- Consuming the wrong nutrients or too much of one and not enough of another.
- Having a health condition that makes it difficult to absorb or process nutrients correctly.
- An increased loss of ingested calories due to emesis, chronic diarrhea, burns, etc.
- An increased energy expenditure.
- Viral, bacterial and parasitic infections.
- Bottle feeding.
- decreased energy intake.
- Chronic hunger.
- Contaminated water supplies.
- Inadequate food supplies.
- Other vitamin deficiencies (vitamin A, E or K).
- Poor, unbalanced diet lacking in grains, fruits and vegetables, and protein.
Older adults who live alone and find it difficult to prepare food and care for themselves may be at risk. Sometimes marasmus can affect an older adult who has not eaten healthfully over a period of some months or years.
What are the Potential Complications?
In response to a low caloric diet and low energy, the body responds in the following ways:
- Fat stores decrease up to 5% of the total body weight.
- Extracellular water content of the body increases.
- Protein mass decreases up to 30% in the case of severe muscle fibers loss striations and become thin. Protein sparing mechanisms redirect amino acids to the vital organs.
- Hypothermia and hypoglycemia in infants is more frequent due to underdeveloped systems.
- Potassium deficiency of up to 15 mEq/kg resulting in hypotonia and impaired cardiac function.
- Elevated levels of intracellular sodium in muscles, brain and blood cells.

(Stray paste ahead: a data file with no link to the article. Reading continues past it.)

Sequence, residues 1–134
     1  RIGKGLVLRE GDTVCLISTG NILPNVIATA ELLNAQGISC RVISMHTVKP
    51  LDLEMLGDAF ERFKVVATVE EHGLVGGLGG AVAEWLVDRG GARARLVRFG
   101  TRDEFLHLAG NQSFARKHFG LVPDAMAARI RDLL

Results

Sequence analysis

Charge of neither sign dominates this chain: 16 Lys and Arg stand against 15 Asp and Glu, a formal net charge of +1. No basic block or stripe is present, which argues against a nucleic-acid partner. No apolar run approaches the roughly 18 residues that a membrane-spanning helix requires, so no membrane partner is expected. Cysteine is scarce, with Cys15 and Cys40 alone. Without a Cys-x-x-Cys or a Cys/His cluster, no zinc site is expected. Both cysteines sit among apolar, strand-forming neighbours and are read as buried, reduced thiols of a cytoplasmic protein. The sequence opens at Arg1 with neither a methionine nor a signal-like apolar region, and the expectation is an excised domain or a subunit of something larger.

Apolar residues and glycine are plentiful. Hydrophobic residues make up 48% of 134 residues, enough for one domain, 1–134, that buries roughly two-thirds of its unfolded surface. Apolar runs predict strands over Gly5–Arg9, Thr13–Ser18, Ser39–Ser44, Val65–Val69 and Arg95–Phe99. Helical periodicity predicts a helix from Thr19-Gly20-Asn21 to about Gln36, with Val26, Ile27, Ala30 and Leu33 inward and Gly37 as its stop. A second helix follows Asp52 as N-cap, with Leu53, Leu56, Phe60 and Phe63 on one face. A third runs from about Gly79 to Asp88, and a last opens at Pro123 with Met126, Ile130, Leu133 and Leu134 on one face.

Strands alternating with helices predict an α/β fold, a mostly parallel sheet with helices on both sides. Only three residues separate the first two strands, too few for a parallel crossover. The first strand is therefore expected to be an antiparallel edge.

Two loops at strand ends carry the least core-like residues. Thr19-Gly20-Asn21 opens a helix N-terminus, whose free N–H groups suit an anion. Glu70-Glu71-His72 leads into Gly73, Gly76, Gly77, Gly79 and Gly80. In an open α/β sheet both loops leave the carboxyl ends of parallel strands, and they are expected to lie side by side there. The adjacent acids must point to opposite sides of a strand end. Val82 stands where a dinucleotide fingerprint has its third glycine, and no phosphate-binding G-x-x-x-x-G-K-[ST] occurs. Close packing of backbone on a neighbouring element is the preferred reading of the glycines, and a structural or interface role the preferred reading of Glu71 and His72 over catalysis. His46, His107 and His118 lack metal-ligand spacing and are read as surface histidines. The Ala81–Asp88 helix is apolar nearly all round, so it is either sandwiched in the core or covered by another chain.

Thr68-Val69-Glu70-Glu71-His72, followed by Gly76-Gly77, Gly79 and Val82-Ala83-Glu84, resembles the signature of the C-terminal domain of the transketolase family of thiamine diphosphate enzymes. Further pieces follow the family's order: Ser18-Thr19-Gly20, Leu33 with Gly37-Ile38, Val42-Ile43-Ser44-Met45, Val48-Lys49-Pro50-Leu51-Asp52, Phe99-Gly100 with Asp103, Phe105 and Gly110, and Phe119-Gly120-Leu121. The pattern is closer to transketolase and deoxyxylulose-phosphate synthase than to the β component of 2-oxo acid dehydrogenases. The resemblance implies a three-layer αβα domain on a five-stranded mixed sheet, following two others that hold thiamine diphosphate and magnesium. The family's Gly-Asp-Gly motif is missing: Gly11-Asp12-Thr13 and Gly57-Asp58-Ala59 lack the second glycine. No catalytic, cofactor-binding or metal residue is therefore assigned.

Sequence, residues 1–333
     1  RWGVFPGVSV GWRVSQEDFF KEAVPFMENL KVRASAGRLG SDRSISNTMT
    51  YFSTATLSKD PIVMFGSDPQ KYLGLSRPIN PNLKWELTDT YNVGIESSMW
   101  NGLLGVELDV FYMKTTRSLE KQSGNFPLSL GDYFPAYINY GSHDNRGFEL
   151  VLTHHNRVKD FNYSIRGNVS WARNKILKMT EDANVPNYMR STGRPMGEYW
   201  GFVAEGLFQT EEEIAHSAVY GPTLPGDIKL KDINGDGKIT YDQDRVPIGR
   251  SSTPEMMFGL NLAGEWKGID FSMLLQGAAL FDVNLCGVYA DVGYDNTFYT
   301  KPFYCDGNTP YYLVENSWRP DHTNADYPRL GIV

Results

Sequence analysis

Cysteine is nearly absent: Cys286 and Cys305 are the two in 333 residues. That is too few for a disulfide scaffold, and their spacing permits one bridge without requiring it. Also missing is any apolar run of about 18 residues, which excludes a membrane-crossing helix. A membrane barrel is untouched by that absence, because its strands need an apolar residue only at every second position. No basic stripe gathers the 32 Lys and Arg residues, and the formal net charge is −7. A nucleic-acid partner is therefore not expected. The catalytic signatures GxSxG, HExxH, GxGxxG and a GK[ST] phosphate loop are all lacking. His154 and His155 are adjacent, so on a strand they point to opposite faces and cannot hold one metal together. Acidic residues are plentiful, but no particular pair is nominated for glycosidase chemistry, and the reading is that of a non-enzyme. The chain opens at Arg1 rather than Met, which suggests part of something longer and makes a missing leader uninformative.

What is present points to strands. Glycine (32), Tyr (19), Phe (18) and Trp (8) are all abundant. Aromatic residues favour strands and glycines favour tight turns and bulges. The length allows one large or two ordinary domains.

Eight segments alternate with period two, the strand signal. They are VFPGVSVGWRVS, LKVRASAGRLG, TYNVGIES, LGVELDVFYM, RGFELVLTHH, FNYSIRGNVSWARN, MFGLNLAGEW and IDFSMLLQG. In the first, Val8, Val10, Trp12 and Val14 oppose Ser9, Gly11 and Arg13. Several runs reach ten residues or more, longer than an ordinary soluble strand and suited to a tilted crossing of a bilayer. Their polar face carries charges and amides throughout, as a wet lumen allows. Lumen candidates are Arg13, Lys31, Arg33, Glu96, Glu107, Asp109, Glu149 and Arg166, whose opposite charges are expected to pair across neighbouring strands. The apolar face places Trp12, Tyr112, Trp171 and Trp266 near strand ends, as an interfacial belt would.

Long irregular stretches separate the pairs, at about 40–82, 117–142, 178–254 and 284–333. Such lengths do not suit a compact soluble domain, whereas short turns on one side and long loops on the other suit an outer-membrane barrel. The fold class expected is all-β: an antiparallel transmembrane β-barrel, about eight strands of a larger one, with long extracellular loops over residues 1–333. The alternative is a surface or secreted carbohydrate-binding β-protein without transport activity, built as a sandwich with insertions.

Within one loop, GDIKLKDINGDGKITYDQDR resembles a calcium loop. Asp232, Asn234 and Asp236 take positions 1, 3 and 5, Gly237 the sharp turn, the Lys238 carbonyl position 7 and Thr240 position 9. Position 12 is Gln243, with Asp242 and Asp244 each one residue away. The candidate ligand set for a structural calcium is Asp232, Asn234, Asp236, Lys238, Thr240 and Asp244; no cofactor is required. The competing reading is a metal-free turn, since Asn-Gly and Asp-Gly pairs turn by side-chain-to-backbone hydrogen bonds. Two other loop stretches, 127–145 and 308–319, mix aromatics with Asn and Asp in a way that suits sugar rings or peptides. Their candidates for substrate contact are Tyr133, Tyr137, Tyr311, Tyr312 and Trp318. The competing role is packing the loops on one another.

- Metabolic adaptions in marasmus are similar to those in starvation.
- Basal metabolic rate decreases. The energy is diverted from muscles to the vital organs. Muscle loss is a result of decreased energy expenditure.
- Brain, skeleton and kidney are preserved, whereas the liver, heart, pancreas and digestive tract are first affected.
- Impaired glucose clearance in marasmus is due to compromised pancreatic beta cell function.
- Secretory functions of mucosal surfaces are impaired, decreased HCL production and slow peristalsis.
- Adaptations are seen by thyroid hormones, insulin and growth hormone.
- Thymus and all other T lymphocyte–producing tissues are affected. This leads to immunocompromised state.
- The brain is usually preserved during marasmus.
- Myofibril contractility is impaired.
Complications related to marasmus or malnutrition are particularly serious in infants and young children. Lack of proper nutrition can lead to delays in physical and mental development. Complications of untreated marasmus can be serious and may include:
- Growth problems in children
- Joint deformity and destruction
- Loss of strength
- Loss of vision and blindness
- Organ failure or dysfunction